C&S: What kinds of drills do you practice?
DS: One drill we offer is called Panic Stop. The instructor first demonstrates that the vehicle can travel at highway speed and aggressively stop in a small area, defined by cones. Then, we ask the trainee to accomplish the same thing. Building up to 50 or 60mph, they are expected to stop in the same small box. Often, the first pass results in running into the wall of cones in front of them. The noises the car makes, the tightening of the seat belt, the vibration of the wheel and brake pedal: they’re extremely intimidating. Even seasoned drivers take their foot off the pedal when surprised by the vehicle response.
What’s really interesting is that when we repeat this drill, one hundred percent of the time the trainee stops well within the box on the next run. Once they are not intimidated by what the car does, they’re perfectly capable of stopping safely. In fact, I rarely go a week without hearing from a graduate who avoided a crash because of this drill.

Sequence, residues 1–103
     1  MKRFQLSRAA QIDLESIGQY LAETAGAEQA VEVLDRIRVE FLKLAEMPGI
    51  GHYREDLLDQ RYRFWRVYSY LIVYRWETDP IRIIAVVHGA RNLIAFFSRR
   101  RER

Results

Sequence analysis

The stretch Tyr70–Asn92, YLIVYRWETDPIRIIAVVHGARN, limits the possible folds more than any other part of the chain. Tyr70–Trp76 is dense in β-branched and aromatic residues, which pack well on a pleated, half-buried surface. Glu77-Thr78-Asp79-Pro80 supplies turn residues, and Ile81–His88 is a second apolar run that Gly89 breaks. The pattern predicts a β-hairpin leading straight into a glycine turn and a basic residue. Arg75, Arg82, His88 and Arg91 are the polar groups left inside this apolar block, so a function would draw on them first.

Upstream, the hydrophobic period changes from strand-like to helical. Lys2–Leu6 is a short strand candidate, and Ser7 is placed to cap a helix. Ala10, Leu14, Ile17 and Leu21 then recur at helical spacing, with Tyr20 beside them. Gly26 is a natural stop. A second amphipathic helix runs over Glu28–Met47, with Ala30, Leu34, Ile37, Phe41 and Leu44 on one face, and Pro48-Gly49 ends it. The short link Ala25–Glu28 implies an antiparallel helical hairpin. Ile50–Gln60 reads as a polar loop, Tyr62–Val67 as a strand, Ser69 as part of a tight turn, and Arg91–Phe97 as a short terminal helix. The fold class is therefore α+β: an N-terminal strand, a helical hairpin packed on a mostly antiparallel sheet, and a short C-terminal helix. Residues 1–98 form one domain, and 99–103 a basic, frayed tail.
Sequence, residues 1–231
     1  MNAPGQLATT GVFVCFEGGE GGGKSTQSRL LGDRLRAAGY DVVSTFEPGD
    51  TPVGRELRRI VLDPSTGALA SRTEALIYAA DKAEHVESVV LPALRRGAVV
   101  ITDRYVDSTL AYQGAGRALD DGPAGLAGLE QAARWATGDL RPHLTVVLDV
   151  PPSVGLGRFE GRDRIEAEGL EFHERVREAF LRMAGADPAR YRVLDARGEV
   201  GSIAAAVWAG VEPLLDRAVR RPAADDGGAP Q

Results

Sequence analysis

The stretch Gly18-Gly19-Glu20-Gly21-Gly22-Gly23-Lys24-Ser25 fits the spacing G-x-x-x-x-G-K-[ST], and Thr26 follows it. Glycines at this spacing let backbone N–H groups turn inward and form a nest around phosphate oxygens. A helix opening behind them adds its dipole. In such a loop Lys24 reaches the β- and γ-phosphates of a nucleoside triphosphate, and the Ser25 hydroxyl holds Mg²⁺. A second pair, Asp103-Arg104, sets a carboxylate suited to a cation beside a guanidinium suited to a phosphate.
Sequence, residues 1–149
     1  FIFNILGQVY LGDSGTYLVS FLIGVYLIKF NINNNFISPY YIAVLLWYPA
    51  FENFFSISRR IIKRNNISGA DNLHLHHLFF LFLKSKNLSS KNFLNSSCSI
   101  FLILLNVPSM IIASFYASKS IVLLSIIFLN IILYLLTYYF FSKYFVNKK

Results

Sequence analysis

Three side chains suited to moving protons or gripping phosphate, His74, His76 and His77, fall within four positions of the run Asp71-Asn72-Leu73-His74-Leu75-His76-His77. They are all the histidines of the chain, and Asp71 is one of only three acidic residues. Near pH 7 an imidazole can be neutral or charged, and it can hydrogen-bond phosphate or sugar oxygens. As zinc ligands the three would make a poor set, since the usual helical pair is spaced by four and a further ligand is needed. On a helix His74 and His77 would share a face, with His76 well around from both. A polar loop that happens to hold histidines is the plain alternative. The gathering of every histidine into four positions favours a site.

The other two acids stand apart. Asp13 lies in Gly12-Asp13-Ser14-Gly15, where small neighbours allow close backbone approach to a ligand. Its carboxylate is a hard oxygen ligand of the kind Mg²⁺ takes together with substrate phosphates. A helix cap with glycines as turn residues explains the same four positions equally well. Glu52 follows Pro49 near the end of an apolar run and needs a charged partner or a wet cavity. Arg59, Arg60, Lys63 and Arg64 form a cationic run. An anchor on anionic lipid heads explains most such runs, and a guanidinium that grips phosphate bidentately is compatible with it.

C&S: Many people assume driver’s ed is sufficient for teaching teens to drive. How do your courses differ?
DS: We do not replace traditional driver education by any means. We do very little around the rules of the road, and we expect our drivers to come prepared with at least the basic skills. Traditional driving schools are great at getting new drivers ready to navigate our roads. Our role is to reduce the 50-75 percent crash rate we’re seeing in the first two years of driving.